“The founder [Stewart Houlgrave] made a lot of great decisions. The rest of the industry was getting out of UK manufacturing and he was investing millions of pounds. He built the brand by taking risks. That entrepreneurship is still important to Hotter - we’re not corporate, there’s a down-to-earth feel.”
Harvey Jacobson, chairman of footwear supplier Jacobson Group, says the fact that Hotter maintains a strong UK manufacturing base is “highly commendable”, particularity in a time when the lion’s share of consumer purchases are for footwear made overseas: “The business model is enhanced with [Hotter’s] vertical operation, from manufacturing to brand positioning, to retailing through shops and online.”
Taylor insists one of the key factors in Hotter’s success is the quality of its customer service: “It comes back to product and service. The customer is number one. It doesn’t matter how the customer engages with you as a brand, it has to be consistent. In our call centres, for example, we don’t work off scripts. Our origins are about customer service, communicating across a range of channels.”
Hotter is now concentrating on adding more stylish elements into its comfort footwear designs, as Taylor recognises its target market “feels much younger than the previous generation”.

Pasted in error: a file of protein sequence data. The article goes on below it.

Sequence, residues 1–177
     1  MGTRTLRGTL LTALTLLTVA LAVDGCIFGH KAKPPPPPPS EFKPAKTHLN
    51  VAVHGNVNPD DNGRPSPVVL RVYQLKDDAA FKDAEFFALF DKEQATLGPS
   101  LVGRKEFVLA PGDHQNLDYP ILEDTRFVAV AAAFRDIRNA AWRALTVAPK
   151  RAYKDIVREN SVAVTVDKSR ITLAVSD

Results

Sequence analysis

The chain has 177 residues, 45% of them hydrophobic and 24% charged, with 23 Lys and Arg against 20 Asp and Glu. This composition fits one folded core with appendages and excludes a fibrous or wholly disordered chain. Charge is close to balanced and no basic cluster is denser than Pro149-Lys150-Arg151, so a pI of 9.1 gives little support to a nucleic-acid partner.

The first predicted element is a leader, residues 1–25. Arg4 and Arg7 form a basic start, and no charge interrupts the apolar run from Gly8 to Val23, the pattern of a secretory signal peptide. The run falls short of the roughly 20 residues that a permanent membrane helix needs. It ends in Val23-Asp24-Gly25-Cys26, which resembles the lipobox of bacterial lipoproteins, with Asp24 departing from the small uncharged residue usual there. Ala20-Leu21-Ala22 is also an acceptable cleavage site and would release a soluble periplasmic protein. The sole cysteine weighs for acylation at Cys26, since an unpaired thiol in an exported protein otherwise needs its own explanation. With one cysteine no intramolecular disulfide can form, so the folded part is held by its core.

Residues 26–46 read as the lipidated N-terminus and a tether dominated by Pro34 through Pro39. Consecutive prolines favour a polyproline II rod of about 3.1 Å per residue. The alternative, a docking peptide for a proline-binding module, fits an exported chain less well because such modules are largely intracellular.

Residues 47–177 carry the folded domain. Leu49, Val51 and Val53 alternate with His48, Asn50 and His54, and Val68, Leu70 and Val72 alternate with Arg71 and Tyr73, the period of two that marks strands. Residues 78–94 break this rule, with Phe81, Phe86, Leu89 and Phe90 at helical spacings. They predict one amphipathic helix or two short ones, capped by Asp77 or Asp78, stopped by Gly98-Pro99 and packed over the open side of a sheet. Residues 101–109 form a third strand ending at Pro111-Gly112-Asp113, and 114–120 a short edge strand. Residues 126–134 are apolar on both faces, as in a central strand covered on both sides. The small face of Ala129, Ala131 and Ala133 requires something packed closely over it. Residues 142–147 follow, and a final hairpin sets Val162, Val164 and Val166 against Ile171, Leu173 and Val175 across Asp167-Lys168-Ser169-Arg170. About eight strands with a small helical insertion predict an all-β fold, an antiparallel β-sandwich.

“There has been a real change of attitude in the last 15 years,” he points out. “Mothers want to dress more like their daughters and people are staying active for longer. For us, it’s about recognising this and adapting the product. We’re aiming at a particular sector of the market and perhaps we are more niche than others - but you can’t rest on your laurels, you have to keep evolving. To keep new customers coming in, you have to keep them excited and that’s what we’ve managed to do.”
Taylor adds that his strategy is “not a revolution”, but keeping its core customer at the heart of the company is essential for future success.
“We are still small, but as we’re beginning to become more widely recognised, people’s preconceived perception of us is changing,” he says. “However, we can’t forget our target shopper. As we drive forward we have to remain true to the core ideals of the brand, which are style and comfort, made-in-the-UK principles and stellar customer service.”